In a new study published this week (Wednesday 9 October) in the journal Biological Conservation , a team of researchers from around the world, including the University of Bath, recommends the need for additional measures to protect and conserve one of the most iconic Antarctic species – the emperor penguin (Aptenodyptes forsteri).
The researchers reviewed over 150 studies on the species and its environment as well as its behaviour and character in relation to its breeding biology. Current climate change projections indicate that rising temperatures and changing wind patterns will impact negatively the sea ice on which emperor penguins breed; and some studies indicate that emperor populations will decrease by more than 50 per cent over the current century.
The researchers therefore recommend that the IUCN status for the species be escalated to ‘vulnerable’; the species is currently listed as ‘near threatened’ on the IUCN Red List. They conclude that improvements in climate change forecasting in relation to impacts on Antarctic wildlife would be beneficial, and recommend that the emperor penguin should be listed by the Antarctic Treaty as a Specially Protected Species.
Dr Jane Younger, Prize Fellow at the Milner Centre for Evolution at the University of Bath studies the evolution of penguins and their ability to adapt to climate change.
She said: “Emperor penguins live only in Antarctica and are the only warm blooded animal to breed during the Antarctic winter, so they have a uniquely extreme lifestyle.
“These penguins are completely dependent on the sea ice: they lay their egg there, protect it on the sea ice and raise the chick until it’s old enough to find food for itself at sea.
“Because the penguins rely so heavily on the sea ice for breeding and feeding, they are particularly vulnerable to climate change. Our study predicts they could decline by over 50 per cent over the next 80 years.”
Lead author Dr Philip Trathan, Head of Conservation Biology at British Antarctic Survey, said: “The current rate of warming in parts of the Antarctic is greater than anything in the recent glaciological record. Though emperor penguins have experienced periods of warming and cooling over their evolutionary history, the current rates of warming are unprecedented.”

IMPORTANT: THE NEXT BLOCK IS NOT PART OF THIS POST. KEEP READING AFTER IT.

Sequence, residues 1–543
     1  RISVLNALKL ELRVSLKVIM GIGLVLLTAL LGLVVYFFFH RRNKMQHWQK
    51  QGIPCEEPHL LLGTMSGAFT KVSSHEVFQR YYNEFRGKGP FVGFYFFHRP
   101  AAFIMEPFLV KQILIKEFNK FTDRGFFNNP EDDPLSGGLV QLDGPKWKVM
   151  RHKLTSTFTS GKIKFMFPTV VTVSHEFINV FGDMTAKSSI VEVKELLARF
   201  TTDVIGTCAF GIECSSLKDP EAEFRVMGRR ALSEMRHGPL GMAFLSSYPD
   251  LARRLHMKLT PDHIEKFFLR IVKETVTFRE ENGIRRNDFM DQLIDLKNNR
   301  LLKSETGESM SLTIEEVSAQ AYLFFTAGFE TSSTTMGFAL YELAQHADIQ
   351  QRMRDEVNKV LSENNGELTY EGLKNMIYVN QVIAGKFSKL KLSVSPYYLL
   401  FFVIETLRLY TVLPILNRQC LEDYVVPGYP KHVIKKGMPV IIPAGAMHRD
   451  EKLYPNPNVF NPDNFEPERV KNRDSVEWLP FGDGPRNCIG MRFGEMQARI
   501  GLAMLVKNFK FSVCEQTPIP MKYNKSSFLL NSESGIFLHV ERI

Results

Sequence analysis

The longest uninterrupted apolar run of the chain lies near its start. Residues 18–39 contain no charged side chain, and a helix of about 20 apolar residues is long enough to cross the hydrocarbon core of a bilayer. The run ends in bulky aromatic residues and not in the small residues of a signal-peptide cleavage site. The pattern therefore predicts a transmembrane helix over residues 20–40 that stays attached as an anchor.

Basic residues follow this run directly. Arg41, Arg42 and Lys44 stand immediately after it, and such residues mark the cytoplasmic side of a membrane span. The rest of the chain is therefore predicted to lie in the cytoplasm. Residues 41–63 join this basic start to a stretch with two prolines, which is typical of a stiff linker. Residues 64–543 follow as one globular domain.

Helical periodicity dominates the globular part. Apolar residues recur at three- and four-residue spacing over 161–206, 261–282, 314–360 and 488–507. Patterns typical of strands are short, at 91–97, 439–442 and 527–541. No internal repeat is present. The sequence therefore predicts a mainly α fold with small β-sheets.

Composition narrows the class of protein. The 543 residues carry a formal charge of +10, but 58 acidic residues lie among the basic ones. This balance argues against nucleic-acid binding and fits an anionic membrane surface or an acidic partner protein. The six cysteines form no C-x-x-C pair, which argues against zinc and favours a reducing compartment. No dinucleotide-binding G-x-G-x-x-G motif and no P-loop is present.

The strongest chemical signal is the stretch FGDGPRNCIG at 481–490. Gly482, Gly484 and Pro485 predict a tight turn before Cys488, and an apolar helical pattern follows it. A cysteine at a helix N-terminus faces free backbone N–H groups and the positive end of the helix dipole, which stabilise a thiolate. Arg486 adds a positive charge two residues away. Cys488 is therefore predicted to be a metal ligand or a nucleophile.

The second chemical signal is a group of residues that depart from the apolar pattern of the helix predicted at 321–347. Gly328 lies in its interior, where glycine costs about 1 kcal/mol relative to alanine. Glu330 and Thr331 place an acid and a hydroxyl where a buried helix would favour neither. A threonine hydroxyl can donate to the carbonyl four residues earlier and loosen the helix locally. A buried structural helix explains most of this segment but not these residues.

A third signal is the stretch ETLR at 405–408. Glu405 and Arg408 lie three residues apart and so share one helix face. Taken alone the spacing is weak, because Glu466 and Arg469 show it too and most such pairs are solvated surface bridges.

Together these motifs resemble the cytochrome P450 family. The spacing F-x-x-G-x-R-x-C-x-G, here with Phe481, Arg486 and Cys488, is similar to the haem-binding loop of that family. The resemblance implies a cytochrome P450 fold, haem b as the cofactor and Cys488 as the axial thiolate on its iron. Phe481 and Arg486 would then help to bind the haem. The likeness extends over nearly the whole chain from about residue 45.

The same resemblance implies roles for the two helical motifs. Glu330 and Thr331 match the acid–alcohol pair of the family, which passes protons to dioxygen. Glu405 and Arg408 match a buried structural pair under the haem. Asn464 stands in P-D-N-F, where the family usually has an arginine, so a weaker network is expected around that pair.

“Currently, we have no idea how the emperors will adjust to the loss of their primary breeding habitat – sea ice. They are not agile and climbing ashore across steep coastal land forms will be difficult. For breeding, they depend upon sea ice, and in a warming world there is a high probability that this will decrease. Without it, they will have little or no breeding habitat.”
Greater protection measures will enable scientists to coordinate research into the penguins’ resilience to a range of different threats and stressors.
Dr Peter Fretwell, remote sensing specialist at British Antarctic Survey and co-author said: “Some colonies of emperor penguins may not survive the coming decades, so we must work to give as much protection as we can to the species to give them the best chance.”
The UK, supported by a number of other countries whose researchers have engaged in this scientific work, notified the Antarctic Treaty Consultative Meeting at its 2019 meeting, held in Prague in July, that Emperor Penguins were threatened through the loss of their breeding habitat and that further protections should be developed.
A similar paper has also been submitted to this year’s Commission for the Conservation of Antarctic Marine Living Resources, which meets in Hobart later this month, where the UK is also supporting a number of proposals to extend the coverage of Marine Protected Areas in the Southern Ocean.